At the Michigan SBDC, we understand every small business has a brand, but the most successful small businesses have brands that have been carefully and thoughtfully designed. Branding is the process of crafting your business’ identity, messaging and overall ethos. Even though branding and marketing are closely related, they are different processes (you can read more about branding here!).
While all your marketing efforts (and many other factors) will play a role in defining your brand, there’s no denying that strong visual elements like logos, color schemes and headlines play an enormous role in influencing how consumers perceive brands. At the very least, your business should have a logo, and you should strive for consistency in the look and voice of your marketing communications.
First things first — let’s set a budget for your small business’ marketing efforts. Setting money aside for marketing may seem difficult, but remember that your business can’t succeed without marketing. As a general rule, many experts agree that small businesses with revenues less than $5 million should devote about 7-8% of their annual revenue to marketing. Some small businesses, like retail stores, may require a lot more; many retail stores spend up to 20 percent of their annual revenue on marketing during their early years.
Your marketing budget will also determine whether you’re able to hire a professional marketer or a marketing agency to help you build your brand and grow your small business. A good marketing partner can not only help you create a thorough marketing plan but should be able to help you execute every aspect of the plan. Make sure the marketing partner readily communicates with you and provides clear billing and reporting that you can understand. You should always know what you’re paying for and what results you’re getting from the money you devote to marketing.
If you don’t have the budget to hire an agency or a marketing professional, it may take time and effort, but there are always options. It is possible to effectively market your small business, even if you’re working on your own and don’t have experience in marketing.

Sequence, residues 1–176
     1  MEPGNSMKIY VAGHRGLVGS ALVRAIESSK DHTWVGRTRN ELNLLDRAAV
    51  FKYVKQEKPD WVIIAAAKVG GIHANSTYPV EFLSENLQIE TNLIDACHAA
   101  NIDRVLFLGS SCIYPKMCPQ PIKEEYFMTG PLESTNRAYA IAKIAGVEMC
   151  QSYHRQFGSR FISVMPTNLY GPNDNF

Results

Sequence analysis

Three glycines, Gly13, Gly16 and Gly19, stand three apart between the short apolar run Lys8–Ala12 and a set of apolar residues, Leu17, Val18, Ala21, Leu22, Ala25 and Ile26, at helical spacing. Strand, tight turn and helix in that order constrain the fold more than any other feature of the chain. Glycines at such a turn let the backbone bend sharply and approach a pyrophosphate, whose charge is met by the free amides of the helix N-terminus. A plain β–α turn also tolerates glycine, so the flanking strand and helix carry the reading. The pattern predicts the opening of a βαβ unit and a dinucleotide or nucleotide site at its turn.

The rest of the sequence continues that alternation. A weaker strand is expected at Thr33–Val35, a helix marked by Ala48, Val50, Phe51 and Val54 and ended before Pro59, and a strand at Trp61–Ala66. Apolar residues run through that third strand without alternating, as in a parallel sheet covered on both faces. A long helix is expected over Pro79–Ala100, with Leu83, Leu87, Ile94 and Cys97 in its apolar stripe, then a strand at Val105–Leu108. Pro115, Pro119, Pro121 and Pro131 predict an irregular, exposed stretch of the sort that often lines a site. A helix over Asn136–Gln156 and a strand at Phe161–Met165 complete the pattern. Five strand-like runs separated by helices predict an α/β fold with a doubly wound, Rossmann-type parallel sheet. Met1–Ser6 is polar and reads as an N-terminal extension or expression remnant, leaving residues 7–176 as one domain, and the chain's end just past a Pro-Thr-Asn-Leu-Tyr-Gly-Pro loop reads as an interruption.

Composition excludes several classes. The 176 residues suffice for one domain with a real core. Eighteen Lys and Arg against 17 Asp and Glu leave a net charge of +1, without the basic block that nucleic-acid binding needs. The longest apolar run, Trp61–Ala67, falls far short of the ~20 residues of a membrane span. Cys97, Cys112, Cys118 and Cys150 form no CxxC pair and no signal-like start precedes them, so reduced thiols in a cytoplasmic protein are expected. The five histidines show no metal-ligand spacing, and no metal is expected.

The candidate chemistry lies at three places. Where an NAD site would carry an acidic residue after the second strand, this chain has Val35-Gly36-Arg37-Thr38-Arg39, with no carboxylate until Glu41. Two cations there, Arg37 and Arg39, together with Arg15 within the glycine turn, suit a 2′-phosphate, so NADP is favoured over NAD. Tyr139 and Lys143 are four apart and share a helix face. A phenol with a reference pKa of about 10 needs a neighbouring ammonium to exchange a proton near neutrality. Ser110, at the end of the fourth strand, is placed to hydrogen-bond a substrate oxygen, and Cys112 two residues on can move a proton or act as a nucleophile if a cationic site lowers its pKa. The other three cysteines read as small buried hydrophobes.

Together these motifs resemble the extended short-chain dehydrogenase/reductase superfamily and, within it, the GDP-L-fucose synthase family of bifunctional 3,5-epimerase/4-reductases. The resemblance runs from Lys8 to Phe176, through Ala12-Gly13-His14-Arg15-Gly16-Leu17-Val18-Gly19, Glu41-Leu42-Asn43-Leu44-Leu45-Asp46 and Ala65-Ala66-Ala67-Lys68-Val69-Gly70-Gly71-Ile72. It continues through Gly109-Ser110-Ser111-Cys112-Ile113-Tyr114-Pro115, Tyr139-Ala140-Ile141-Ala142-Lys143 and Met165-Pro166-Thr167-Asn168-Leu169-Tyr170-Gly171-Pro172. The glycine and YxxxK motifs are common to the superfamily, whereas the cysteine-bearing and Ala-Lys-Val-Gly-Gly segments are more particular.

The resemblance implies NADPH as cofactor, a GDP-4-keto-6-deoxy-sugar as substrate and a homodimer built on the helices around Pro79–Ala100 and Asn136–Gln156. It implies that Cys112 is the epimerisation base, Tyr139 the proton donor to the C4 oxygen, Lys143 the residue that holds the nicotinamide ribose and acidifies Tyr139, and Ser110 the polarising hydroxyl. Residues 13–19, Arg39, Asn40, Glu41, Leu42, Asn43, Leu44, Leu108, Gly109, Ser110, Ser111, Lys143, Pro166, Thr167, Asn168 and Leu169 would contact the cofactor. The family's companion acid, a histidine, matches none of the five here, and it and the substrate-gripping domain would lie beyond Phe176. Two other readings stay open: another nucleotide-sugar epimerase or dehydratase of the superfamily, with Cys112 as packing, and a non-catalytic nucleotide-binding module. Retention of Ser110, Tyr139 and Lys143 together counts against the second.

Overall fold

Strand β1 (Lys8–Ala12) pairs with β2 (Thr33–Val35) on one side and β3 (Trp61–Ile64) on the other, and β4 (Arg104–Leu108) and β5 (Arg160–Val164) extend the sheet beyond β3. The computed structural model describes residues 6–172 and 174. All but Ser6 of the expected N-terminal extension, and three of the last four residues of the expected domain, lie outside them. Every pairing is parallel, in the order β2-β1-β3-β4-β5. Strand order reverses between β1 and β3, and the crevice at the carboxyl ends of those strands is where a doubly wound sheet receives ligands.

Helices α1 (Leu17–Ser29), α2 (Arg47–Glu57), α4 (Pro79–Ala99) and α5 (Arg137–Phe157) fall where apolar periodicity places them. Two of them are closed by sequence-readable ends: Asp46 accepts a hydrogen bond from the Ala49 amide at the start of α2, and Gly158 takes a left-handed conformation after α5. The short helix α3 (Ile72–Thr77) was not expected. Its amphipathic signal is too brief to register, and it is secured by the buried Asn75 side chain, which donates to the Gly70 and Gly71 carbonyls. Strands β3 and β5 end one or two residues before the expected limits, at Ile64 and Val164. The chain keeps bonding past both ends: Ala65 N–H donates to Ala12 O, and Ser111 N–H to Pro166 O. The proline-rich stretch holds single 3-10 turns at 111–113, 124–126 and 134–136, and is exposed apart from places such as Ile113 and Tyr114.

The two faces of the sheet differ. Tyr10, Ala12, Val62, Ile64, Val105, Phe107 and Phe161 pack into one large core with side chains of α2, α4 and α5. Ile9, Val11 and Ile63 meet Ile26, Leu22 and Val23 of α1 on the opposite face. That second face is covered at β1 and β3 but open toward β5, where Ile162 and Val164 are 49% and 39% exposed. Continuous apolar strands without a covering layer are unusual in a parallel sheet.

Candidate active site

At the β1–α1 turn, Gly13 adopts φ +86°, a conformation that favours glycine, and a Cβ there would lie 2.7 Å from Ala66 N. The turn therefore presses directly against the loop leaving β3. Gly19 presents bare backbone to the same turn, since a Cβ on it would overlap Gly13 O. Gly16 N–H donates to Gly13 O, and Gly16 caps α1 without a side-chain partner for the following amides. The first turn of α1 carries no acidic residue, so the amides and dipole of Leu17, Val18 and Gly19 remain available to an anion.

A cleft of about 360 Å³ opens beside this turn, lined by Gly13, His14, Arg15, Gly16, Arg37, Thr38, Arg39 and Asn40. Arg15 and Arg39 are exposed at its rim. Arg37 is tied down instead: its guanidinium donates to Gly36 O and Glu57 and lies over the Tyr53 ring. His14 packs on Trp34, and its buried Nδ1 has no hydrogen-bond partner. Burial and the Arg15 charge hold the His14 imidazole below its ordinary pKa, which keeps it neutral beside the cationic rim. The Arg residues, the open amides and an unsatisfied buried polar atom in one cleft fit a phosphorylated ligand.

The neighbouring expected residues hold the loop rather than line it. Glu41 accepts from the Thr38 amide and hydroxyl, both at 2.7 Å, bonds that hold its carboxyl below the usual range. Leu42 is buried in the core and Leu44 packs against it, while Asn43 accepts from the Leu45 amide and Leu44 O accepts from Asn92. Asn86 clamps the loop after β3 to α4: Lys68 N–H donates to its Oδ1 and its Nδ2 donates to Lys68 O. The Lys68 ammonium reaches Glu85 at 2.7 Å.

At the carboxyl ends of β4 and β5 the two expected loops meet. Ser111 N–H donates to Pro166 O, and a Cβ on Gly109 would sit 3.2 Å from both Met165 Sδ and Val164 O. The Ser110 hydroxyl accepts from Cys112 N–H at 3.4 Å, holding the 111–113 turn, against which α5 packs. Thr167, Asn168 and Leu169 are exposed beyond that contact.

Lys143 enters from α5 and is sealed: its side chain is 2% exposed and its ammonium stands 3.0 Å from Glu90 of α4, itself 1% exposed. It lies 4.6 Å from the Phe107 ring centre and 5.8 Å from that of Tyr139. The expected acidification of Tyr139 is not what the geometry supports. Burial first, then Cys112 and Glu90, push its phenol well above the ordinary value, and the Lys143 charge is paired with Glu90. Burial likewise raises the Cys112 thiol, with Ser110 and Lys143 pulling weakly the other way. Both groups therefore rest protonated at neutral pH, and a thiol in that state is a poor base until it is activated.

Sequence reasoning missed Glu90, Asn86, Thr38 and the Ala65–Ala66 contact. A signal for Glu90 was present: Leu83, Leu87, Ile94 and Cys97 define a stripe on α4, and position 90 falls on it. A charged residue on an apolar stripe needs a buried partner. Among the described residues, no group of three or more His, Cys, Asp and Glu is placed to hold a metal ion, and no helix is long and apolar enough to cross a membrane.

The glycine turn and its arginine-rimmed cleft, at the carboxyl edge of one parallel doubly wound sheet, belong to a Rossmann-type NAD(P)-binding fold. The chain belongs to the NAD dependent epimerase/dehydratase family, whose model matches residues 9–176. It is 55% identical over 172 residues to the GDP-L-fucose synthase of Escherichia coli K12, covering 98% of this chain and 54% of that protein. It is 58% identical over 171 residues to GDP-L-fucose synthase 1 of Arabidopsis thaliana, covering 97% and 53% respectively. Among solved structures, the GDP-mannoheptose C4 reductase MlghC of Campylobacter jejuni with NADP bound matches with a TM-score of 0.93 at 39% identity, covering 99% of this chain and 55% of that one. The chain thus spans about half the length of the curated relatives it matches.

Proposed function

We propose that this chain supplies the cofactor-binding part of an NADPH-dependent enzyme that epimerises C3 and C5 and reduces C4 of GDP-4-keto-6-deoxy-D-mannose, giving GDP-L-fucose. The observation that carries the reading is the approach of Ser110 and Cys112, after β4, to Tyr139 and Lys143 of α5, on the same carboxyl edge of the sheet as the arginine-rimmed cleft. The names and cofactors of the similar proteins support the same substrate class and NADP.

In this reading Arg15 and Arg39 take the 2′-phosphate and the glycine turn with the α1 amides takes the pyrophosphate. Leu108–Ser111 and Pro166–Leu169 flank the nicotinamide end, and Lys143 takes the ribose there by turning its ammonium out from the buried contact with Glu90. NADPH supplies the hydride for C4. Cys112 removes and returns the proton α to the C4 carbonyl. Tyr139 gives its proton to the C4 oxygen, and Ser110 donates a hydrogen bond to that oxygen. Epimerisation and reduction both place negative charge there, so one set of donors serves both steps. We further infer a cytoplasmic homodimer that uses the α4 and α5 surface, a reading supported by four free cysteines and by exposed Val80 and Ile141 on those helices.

Start with an effective marketing and communications strategy, which you should begin to develop from the moment you start planning your small business and continue to refine for as long as your business exists. Creating a marketing plan involves four essential steps:
- Assess your company’s current situation.
- Identify your target audience.
- Define your marketing goals.
- Research and select your tactics
Once you have a documented marketing plan in place, you will need to start creating your marketing assets. The most important criteria to judge your marketing efforts is whether they lead to more clients or customers and help your small business grow. If an advertisement or marketing strategy gets people’s attention but doesn’t lead them to trust your business and purchase your products and services over those of your competition, then that advertisement or strategy does nothing for your small business.
If/when you understand your target audience, then you’ve already got much of the information you need to choose a successful marketing mix. Your goal is to find your potential customers and deliver marketing messages that will engage them and energize them to become customers. Where that process happens and how it happens depends on the behavior of your target audience.
To evaluate your options for your marketing mix, ask yourself the following questions about your target audience:
- What types of advertising messages do they notice and respond to?
- What types of media do they watch, read and interact with?
- Where do they look for information about products and services?
- Where do they make purchasing decisions?
- How long does it take them to make a purchasing decision?
Besides asking questions about your target audience, it also helps to observe what your competitors are doing. Study the strategies your competitors use to market themselves and ask questions like:
- What are my competitors doing well? What are they doing poorly?
- Are there things about my competitors’ marketing tactics that I like but feel I could do better?
If you’re able to identify what marketing strategies your competitors are using successfully while discarding the tactics that don’t deliver results for them or wouldn’t work for your business, you’ll most likely have the beginnings of a very effective marketing mix.
Regardless of which tactics you decide are best, it’s usually not wise to spend your entire budget on one marketing tactic. No matter how much research you perform or planning you undertake, there’s no surefire way to know which marketing tactics will deliver the best results without trying them, observing the results, and adjusting them over time.
If you need assistance, the team at the Michigan Small Business Development Center is here to help. Whether you just have a few questions, or need hands-on guidance, let us be your guide. Contact us here to get started!